RR: He’s fantastic. He was very protective of the script and the story we wanted to tell, and visually, that oner [one-take sequence] at the top of the movie that he does is art at its finest. He brings a visual style and a way of telling the story, and he’s wonderful with the actors – getting into backstory, dealing with who they are and why they are the way they are. It was a pleasure to work with him. 

It’s an interesting point you made about horror being made at this budget level. But there’s also the case that original science fiction ideas set in the present are on the ascendancy again.

RR: Christopher Nolan has as much to do with that as anybody.

PW: Original movies are few and far between these days, just because of tentpoles and studios making fewer and fewer movies and taking fewer and fewer risks. The great thing about David is, he’s willing to take those risks. He embraces them, and the studio system is such that it follows past trends, and a movie doesn’t succeed or fail because of a similar movie or genre before it. A movie succeeds or fails depending on whether it’s good or bad, whether it’s marketed correctly, and whether it’s told in a style that the audience relates to. So to us, we like move around the tentpoles that we do, like Deadpool. We always love to put out an original movie as often as we can, and as often as s

tudios will allow us to take that risk. 

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Do you think with Netflix and smaller studios like Blumhouse, that there’s more of a chance for screenwriters to get spec scripts and original scripts made again?

PW: The bummer of the movie business is there’s been a real bifurcation, where you only really get very expensive movies or cheap movies, and it’s the middle movies that you’re finding are going away. Hopefully the thrillers, the dramas, the things we used to go to the movies to see, are now really reserved for television. And so what you get are a vast number of independent movies, and then a small number of huge tentpole movies that come out every couple of weeks over the course of a year.

But you miss the movies in between, and I think those movies tended to be original, because with a big budget you want to protect your downside by having a brand or have it be based on a toy or comic book. What we would really love, and hopefully this will happen with the Netflixes of the world and the companies that are starting to make movies for straight-to-video, essentially, like Amazon, we’d love for those middle-range movies to find their place again. Because there’s a real healthy tradition in American cinema of film noir and dramas and thrillers.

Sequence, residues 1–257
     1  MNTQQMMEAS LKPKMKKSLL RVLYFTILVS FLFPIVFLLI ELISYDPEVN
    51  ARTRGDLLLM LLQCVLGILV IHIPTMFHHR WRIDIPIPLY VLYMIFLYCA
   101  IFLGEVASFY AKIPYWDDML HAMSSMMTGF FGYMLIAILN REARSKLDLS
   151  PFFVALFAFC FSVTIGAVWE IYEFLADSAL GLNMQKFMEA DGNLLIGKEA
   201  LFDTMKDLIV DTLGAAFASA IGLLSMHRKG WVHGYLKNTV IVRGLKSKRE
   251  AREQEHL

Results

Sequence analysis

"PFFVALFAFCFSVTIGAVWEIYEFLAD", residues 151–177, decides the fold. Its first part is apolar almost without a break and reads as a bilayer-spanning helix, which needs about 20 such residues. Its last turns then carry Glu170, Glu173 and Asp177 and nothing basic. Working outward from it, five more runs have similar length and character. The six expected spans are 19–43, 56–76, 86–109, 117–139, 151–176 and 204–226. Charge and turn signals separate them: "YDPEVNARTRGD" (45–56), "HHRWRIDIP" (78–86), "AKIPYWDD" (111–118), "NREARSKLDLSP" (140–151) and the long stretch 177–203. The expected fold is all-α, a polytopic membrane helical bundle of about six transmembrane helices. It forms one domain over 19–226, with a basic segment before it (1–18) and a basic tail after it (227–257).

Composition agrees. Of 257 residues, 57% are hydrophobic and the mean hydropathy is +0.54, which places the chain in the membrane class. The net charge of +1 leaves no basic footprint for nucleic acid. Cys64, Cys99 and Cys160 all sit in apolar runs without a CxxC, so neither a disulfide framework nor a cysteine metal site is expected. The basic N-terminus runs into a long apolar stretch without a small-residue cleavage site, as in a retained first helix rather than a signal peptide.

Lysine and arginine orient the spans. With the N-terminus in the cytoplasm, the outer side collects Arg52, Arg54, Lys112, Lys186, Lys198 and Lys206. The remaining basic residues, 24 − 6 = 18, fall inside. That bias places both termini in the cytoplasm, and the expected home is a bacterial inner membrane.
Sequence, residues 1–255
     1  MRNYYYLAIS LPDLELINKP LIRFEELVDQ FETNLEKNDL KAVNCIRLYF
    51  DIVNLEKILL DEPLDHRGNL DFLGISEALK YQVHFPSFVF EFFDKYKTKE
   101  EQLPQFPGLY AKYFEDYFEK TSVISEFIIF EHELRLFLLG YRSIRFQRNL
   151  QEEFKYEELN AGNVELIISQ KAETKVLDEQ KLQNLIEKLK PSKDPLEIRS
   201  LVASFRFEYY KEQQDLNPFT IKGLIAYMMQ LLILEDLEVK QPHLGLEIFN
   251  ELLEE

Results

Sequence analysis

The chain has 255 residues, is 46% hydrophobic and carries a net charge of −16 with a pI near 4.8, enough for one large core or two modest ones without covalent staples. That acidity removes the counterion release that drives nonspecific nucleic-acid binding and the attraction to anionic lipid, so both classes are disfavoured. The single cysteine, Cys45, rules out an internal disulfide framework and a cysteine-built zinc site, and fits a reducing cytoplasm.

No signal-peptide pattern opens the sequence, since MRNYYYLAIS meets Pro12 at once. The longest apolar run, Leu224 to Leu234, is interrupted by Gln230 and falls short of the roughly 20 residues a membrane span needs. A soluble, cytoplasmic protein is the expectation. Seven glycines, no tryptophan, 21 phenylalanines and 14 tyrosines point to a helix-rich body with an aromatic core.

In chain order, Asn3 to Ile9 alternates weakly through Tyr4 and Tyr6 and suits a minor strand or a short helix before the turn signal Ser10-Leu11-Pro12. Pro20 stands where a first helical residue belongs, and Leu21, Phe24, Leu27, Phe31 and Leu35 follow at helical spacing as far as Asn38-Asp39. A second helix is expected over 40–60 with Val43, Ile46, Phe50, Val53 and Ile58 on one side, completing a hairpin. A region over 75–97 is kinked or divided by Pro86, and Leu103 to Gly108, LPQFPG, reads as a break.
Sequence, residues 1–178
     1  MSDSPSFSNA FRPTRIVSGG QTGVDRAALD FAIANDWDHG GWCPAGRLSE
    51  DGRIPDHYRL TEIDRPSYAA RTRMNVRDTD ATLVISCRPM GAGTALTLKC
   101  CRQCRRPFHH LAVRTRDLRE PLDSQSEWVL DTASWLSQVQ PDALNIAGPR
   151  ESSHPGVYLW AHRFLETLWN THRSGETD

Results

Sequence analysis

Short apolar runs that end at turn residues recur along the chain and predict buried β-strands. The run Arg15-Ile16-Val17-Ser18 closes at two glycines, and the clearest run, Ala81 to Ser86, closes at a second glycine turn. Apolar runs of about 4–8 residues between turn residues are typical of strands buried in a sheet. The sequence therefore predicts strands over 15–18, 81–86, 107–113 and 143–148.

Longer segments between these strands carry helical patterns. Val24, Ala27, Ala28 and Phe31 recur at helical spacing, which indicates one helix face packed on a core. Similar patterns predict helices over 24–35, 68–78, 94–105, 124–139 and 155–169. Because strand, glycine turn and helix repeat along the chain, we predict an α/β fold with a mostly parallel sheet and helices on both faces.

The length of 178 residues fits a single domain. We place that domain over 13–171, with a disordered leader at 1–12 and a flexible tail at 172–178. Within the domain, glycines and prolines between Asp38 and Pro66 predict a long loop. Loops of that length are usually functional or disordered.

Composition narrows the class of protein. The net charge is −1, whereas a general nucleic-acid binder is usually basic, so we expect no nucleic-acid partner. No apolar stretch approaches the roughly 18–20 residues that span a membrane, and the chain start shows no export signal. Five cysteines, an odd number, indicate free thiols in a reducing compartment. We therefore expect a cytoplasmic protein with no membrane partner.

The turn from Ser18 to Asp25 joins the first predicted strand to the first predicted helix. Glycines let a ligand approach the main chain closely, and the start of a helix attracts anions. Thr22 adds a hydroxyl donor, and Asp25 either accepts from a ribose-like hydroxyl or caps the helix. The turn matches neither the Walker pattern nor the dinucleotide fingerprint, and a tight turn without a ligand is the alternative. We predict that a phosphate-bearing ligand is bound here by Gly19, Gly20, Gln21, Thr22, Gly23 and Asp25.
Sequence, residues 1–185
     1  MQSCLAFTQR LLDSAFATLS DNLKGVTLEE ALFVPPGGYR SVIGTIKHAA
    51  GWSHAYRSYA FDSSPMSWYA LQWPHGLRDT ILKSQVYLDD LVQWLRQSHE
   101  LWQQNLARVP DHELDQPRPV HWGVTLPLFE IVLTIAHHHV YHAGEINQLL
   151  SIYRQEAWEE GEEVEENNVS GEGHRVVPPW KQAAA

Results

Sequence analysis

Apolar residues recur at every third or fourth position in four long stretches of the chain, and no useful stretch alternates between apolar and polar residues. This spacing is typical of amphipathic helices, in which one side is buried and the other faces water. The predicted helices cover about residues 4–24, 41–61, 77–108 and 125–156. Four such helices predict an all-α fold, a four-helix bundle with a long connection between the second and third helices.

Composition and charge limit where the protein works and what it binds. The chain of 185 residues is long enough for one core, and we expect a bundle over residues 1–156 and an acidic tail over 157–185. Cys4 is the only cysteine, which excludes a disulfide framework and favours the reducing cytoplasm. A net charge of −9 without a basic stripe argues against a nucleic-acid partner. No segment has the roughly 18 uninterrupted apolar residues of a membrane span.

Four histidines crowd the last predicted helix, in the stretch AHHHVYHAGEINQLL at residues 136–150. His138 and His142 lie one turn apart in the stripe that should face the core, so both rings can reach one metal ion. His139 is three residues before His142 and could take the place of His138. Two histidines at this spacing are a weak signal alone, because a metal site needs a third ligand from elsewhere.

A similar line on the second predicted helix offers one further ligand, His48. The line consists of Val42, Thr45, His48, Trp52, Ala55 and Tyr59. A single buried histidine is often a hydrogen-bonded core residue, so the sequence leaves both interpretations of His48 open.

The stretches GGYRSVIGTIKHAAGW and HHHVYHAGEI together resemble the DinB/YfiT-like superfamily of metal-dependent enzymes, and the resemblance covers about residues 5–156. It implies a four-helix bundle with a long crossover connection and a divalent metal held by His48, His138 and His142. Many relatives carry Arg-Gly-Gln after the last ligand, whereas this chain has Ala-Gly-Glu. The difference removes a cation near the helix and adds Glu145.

So between this and something like Deadpool, are studios getting more of an appetite for trying different things, like an R-rated superhero movie? Are they realising they need to break out of the formula a bit? 

RR: We hope so! We hope so. It just all depends on success or failure. If you get a string of these movies that don’t do well, then studios become more fearful. If you get a string of original movies that do well, then studios become more bullish. So it’s all about trust, and our job as screenwriters and filmmakers is to have the studio trust us, and if we can deliver on that trust, then we get more trust, then we get to make more movies that interest us – that are original and cool and left-of-centre. So our job is to write the best stuff we can, and to write stuff that we want to see and interests us. Whether that’s original fare or tentpole stuff, it entirely revolves around trust. So that’s our primary job from start to finish.

PW: I mentioned Christopher Nolan, too. I really think Christopher Nolan has been instrumental recently in creating a niche for original screenplays. Screenwriters are not often the source of stories – they just aren’t. They’re usually brought in on assignment. But Christopher Nolan is the exception, and with Interstellar – and James Cameron with Avatar – these top filmmakers have gotten huge by making original things as opposed to existing brands. They prove to the studios that there’s a big market for those kinds of things. 

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Absolutely. One final question, then, on that topic. I think you guys have another original sci-fi script that’s still in the pipeline: Epsilon

RR: Yeah, it’s called Epsilon, and it’s at Sony. It’s going through the studio system, and as these things sometimes do, we made a big splashy sale with it, it was a spec script that we wrote, and now it’s all about that trust. It’s them believing in the story, and believing there’s an audience for it, and wanting to push forward. 

PW: We also have another original science fiction project over at Universal, which is called Earth Versus Moon that we love. We pitched it and wrote it after that, so we’ve got a couple of scripts out there if we can convince the right people in the right place to trust us.

Well, I hope you do! Rhett Reese and Paul Wernick, thank you very much.

Life is out on DVD and Blu-ray from the 31st July.